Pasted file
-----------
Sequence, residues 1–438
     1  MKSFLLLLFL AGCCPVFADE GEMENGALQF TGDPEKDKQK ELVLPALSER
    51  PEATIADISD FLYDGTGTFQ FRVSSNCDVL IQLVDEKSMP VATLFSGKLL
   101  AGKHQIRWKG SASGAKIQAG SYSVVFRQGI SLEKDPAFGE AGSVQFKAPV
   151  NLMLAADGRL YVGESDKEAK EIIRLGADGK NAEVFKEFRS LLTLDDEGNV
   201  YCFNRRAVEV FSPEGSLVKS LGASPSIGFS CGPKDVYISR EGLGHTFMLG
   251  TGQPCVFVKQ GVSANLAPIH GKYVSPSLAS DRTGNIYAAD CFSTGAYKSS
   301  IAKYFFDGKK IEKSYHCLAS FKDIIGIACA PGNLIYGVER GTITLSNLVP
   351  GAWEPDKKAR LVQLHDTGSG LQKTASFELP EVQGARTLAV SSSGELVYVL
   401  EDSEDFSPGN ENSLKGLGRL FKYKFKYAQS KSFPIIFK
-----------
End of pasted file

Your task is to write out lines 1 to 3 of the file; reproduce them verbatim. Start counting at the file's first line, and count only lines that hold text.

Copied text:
Sequence, residues 1–438
     1  MKSFLLLLFL AGCCPVFADE GEMENGALQF TGDPEKDKQK ELVLPALSER
    51  PEATIADISD FLYDGTGTFQ FRVSSNCDVL IQLVDEKSMP VATLFSGKLL